Jerry Sans History
Master Chef Jerry San opened Daiko Restaurant on February 18, 1999. He used the name Daiko, which is a big drum used for stress relief, to personify his laid back, calming attitude. For thirteen years, Daiko Restaurant and Chef Jerry San have served the highest quality sushi and sashimi to his customers. He has learned this traditional craft from a Japanese Master Chef, and honed it to his own style.
With one taste of the perfectly sliced fish, tightly crafted rolls and homemade sauces such as Spicy Bomb Sauce, Ginger Dressing, Teriyaki, and Tempora Sauce, you will notice the difference. Master Chef Jerry San’ belief is that if it’s not fresh, it’s not served. He preaches first class food and first class service, the way a sushi restaurant should be.
Jerry San came to United States and trained under a Master Chef in Forrest Hills, New York for five years. He had been in the food business his whole whole life and specialized in Malasian cuisine. While living in Queens he was offered the opportunity to move to Connecticut with his good friend. He accepted the invitation, wanting to expand his cooking career, and opening a restaurant in New Haven in 1994. After building his reputation and following, Jerry opened Daiko in 1999, which was an instant hit.
Jerry San is extremely proud of his sushi and sashimi. He understands that the correct cut of fish combined with the freshest quality make his sashimi one of the best in the area. For fun, Jerry enjoys drinking sake bombs with his customers throughout the evening. He also is happily married and has two children.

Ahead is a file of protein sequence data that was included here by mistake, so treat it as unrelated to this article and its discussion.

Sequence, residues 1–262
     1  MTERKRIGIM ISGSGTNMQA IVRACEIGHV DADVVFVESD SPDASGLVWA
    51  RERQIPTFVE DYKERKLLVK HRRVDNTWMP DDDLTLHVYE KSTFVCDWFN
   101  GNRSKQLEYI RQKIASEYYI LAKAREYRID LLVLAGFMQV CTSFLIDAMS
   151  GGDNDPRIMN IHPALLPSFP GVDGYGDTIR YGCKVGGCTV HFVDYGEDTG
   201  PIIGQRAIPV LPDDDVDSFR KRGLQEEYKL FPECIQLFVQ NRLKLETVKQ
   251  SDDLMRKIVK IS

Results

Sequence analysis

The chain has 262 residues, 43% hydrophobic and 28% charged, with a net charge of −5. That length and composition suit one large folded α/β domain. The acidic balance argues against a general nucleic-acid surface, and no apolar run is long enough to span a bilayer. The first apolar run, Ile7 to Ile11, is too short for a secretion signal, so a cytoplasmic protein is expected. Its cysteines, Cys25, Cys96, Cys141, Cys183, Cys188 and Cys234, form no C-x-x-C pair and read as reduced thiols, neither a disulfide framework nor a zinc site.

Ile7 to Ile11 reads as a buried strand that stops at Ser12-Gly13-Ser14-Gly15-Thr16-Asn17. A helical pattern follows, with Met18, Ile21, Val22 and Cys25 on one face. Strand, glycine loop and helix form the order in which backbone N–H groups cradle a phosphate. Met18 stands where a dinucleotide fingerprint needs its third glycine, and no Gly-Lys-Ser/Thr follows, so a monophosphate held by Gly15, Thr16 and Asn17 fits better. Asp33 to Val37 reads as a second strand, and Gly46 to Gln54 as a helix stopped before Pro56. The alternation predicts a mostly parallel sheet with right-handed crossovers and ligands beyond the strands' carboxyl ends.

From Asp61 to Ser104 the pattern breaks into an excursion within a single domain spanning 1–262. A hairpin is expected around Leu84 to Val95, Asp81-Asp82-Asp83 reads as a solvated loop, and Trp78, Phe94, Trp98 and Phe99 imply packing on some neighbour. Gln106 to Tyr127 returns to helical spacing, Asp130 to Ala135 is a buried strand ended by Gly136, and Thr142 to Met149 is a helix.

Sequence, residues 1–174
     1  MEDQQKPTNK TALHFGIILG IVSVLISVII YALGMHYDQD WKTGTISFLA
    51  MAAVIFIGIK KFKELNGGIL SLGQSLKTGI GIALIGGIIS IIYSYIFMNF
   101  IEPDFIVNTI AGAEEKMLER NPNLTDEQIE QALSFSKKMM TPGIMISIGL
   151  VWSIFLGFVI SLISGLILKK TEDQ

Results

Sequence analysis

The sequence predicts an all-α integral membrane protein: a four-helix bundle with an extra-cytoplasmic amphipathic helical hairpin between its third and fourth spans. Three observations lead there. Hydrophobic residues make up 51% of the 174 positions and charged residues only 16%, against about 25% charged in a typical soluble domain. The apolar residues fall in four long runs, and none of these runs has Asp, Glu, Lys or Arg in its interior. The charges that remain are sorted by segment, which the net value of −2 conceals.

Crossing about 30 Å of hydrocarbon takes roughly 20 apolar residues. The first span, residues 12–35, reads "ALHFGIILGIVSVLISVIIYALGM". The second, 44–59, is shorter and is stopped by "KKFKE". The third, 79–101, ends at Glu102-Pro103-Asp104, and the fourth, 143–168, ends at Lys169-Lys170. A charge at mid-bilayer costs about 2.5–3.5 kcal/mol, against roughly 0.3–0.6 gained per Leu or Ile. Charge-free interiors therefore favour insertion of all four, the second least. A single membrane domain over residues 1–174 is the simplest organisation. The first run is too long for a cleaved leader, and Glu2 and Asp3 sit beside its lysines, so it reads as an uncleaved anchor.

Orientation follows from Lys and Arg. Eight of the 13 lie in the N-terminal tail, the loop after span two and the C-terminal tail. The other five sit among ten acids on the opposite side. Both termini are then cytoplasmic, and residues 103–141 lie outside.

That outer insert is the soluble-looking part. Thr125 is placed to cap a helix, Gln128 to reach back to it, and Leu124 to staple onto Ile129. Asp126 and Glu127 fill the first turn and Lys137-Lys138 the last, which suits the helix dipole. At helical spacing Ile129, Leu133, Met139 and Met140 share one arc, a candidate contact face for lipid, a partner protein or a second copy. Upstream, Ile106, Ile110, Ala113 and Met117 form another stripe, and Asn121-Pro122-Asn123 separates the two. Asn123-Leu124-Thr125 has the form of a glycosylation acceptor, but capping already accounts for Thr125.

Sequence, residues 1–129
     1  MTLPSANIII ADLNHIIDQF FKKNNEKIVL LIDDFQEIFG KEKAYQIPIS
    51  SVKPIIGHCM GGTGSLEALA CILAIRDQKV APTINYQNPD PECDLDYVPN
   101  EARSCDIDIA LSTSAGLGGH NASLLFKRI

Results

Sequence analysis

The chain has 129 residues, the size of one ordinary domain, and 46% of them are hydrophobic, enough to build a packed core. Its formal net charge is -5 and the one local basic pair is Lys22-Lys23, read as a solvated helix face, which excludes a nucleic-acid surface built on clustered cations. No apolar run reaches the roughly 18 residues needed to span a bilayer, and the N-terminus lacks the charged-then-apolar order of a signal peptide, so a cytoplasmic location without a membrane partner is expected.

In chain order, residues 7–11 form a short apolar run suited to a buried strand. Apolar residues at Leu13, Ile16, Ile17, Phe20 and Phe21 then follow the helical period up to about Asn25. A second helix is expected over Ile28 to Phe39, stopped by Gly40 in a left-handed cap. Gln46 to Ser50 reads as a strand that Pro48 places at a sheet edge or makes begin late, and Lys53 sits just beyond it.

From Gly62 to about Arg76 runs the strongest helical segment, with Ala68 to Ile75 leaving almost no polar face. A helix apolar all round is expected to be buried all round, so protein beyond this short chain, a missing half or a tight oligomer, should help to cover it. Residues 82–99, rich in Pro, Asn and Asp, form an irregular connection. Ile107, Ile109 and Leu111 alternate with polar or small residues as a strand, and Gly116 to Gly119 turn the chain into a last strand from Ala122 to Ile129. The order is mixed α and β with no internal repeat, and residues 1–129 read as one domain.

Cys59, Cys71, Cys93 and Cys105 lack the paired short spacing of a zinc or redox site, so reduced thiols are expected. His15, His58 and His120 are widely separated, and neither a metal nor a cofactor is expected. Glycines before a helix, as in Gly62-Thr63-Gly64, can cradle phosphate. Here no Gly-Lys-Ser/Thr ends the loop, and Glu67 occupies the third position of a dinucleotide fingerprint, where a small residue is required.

History of Sushi
We can trace sushi’s origin back to the 4th century BC in Southeast Asia. As a preserved food, the salted fish, fermented with rice, was an important source of protein. The cleaned and gutted fish were kept in rice so that the natural fermentation of the rice helped preserve the fish. This type of sushi is called nare-zushi, and was taken out of storage after a couple of months of fermentation, and then only the fish was consumed while the rice was discarded.
Later in Edo era, Japanese began making haya-zushi, which was created as a way to eat both rice and fish; this dish was unique to Japanese culture. Instead of being only used for fermentation, rice was mixed with vinegar and combined not only with fish but also with various vegetables and dried preserved foods. Today, each region of Japan still preserves its own unique taste by utilizing local products in making different kinds of sushi that have been passed on for generations.